You can take very simple and affordable steps to minimize your family’s exposure to plastic, especially when handling food and drinks. Here is what we have done so far:

Avoid tupperware. We mostly use glass containers to store leftovers and bring lunch to work. Yes, they are a little heavier but it really hasn’t been a big deal. Plus if we need to warm our food we can safely use a microwave. (Don’t ever, ever microwave plastic, no matter how “safe” manufacturers claim this is. I’ve consulted with many scientists and they all agree it isn’t.)

Make it fun. We’ve recently become fans of the salad-in-a-jar trend. D has been taking his lunch in mason jars or old pasta sauce jars and he’s loving it. If you haven’t already, Google “salad in a jar.” You’ll find this is no small trend!

Make it nice. I have to say, I simply enjoy a meal better when it’s not served in plastic. Every meal should be a good experience, and re-heated tupperware just doesn’t do it for me.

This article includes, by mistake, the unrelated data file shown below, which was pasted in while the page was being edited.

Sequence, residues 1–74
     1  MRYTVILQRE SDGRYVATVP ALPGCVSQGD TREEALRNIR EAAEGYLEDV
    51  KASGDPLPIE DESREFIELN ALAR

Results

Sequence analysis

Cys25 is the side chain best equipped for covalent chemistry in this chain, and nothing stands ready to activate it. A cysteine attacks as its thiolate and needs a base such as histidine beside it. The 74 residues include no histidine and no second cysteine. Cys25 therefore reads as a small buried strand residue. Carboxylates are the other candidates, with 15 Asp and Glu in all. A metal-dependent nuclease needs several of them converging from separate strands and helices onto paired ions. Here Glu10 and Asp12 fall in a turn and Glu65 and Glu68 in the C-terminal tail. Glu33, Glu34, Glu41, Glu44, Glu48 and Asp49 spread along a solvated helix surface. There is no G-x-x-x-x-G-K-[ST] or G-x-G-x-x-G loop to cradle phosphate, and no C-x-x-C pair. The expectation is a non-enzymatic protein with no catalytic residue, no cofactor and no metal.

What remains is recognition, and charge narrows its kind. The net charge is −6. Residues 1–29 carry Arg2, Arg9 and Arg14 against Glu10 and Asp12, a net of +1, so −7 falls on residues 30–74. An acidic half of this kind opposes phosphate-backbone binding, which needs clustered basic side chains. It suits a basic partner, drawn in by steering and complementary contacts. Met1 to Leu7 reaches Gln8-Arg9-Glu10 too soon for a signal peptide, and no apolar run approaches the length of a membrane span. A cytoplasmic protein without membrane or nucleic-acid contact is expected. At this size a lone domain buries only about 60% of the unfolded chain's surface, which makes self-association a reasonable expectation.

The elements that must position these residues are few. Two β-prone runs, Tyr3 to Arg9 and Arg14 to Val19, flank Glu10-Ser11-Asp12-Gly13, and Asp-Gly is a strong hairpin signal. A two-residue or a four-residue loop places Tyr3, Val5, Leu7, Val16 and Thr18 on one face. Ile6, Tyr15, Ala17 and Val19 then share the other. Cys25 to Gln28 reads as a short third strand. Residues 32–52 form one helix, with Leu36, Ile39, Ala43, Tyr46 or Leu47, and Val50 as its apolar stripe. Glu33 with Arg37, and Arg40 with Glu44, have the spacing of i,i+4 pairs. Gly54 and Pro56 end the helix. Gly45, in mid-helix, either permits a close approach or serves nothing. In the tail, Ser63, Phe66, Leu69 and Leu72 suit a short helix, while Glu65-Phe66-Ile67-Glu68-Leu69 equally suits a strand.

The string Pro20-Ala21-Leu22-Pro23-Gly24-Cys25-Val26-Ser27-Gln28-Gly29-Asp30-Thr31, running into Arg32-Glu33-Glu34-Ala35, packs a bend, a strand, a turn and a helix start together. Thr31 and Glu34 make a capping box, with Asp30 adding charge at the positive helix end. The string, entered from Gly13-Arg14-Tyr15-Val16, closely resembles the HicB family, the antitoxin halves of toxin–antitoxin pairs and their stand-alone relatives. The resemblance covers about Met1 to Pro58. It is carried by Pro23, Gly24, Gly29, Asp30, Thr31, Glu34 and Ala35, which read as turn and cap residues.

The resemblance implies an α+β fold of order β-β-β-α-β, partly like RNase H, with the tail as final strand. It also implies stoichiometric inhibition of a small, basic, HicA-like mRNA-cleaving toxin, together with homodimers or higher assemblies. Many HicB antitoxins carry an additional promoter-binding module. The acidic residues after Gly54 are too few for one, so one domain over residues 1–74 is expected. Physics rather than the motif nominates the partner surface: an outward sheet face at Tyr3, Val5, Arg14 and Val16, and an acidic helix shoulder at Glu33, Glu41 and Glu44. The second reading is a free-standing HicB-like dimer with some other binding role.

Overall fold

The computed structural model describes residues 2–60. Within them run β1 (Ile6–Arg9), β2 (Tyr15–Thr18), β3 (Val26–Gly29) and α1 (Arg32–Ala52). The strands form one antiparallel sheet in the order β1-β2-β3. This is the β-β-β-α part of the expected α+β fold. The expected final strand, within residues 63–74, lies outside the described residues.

Start early. Since our lil S was born, just over a year ago, we’ve tried to minimize her contact with plastic. Instead of regular baby bottles, we bought two glass bottles by LifeFactory.

Find what works for you. Instead of buying expensive glass containers marketed for babies (we also found out that some glass containers still have BPA in them, in the liner for the lids), we found the best solution: mini mason jars. I can’t recommend them enough. They’re cheap. They don’t break easily. They are the perfect baby portion. You can boil them, freeze them and stack them, and they come in lots of different sizes. They are honestly the best kept secret when it comes to storing baby food. The only caveat is that the lids can become a little rusty with the constant washing. But they are so cheap, you can afford to buy new ones and keep your old jars for other things, maybe leave them as candle holders.